Ex-IMF rep says Greece needs another write-off
WASHINGTON, United States - Only another write-down of Greece's debt will help stabilize the country's financial situation, a just-departed director for India at the International Monetary Fund said Friday.
Arvind Virmani, who represented India at the IMF for three years until the end of October, told AFP that Greece's lenders must agree to a new write-off to avoid a full-scale default that could rock the eurozone.
"It has been my view since early 2010 that the Greek debt cannot be made sustainable without a drastic debt write-off (politely referred to as restructuring) no matter what policy reforms the Greek government undertakes," he said in an email.
"The greater the delay the more the cost to remaining creditors... and the Greek public."
"The stronger euro countries have refused to acknowledge this fact, even after the IMF started, perhaps a little reluctantly, to recognize it," he said.
Speaking as Greece seeks a new deal on its bailout, Virmani argued that giving the country more money would only serve to pay back reckless lenders who helped it get so deeply into debt in the first place.
He did not specify where the write-down should come from -- private creditors to Greece who have already given up more than half the value of their holdings, or official institutions like the European Central Bank and European governments.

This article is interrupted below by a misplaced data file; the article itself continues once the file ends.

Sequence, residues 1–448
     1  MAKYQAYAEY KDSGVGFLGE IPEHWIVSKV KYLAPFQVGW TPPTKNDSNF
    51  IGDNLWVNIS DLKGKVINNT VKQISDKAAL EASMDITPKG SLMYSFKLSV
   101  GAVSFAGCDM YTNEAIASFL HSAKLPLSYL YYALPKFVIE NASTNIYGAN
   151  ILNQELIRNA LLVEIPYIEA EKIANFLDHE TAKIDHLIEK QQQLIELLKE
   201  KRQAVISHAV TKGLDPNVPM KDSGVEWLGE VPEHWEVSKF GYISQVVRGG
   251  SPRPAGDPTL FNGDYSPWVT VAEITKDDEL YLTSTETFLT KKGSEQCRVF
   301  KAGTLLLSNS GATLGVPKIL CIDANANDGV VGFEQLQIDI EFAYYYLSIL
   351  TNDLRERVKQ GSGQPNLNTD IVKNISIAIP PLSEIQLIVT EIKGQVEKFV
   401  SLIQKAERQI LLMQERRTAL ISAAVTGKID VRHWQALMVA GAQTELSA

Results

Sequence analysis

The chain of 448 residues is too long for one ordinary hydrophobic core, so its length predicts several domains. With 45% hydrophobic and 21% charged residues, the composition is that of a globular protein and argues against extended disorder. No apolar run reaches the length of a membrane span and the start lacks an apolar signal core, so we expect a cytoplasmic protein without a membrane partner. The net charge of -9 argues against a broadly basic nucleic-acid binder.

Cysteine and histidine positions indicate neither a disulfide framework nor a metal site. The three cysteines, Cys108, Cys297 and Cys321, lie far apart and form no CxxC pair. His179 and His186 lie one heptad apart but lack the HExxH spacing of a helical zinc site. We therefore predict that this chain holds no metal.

But he suggested that countries like Germany, whose banks helped fuel Greece's massive borrowing spree but then dumped its debt, should "make a greater contribution to the debt write-off."
Virmani, an economist and former senior Indian official, faulted the extreme austerity approach to restructuring that has underpinned the bailout loans of the IMF, ECB and European Union to Greece, Portugal and Ireland.
Such an approach has, at least in Greece's case, sent the country deeper into recession, leading to the IMF's recent calls for more forbearance so that growth can be restored.
"As the saying goes, 'better late then never,'" said Virmani. -Agence France-Presse